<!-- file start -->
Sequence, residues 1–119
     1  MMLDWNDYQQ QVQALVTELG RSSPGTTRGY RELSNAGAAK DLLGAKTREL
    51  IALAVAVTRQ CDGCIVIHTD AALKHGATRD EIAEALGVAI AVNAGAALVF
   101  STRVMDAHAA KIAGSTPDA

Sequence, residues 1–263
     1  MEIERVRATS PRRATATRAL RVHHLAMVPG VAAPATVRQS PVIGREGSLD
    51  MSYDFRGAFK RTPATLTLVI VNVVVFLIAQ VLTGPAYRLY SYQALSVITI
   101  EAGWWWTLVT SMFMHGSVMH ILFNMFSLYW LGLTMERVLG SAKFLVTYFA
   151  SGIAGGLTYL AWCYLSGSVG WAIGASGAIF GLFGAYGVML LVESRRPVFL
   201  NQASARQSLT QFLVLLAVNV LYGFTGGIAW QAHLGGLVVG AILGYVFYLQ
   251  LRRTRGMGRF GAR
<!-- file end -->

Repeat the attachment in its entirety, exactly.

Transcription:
Sequence, residues 1–119
     1  MMLDWNDYQQ QVQALVTELG RSSPGTTRGY RELSNAGAAK DLLGAKTREL
    51  IALAVAVTRQ CDGCIVIHTD AALKHGATRD EIAEALGVAI AVNAGAALVF
   101  STRVMDAHAA KIAGSTPDA

Sequence, residues 1–263
     1  MEIERVRATS PRRATATRAL RVHHLAMVPG VAAPATVRQS PVIGREGSLD
    51  MSYDFRGAFK RTPATLTLVI VNVVVFLIAQ VLTGPAYRLY SYQALSVITI
   101  EAGWWWTLVT SMFMHGSVMH ILFNMFSLYW LGLTMERVLG SAKFLVTYFA
   151  SGIAGGLTYL AWCYLSGSVG WAIGASGAIF GLFGAYGVML LVESRRPVFL
   201  NQASARQSLT QFLVLLAVNV LYGFTGGIAW QAHLGGLVVG AILGYVFYLQ
   251  LRRTRGMGRF GAR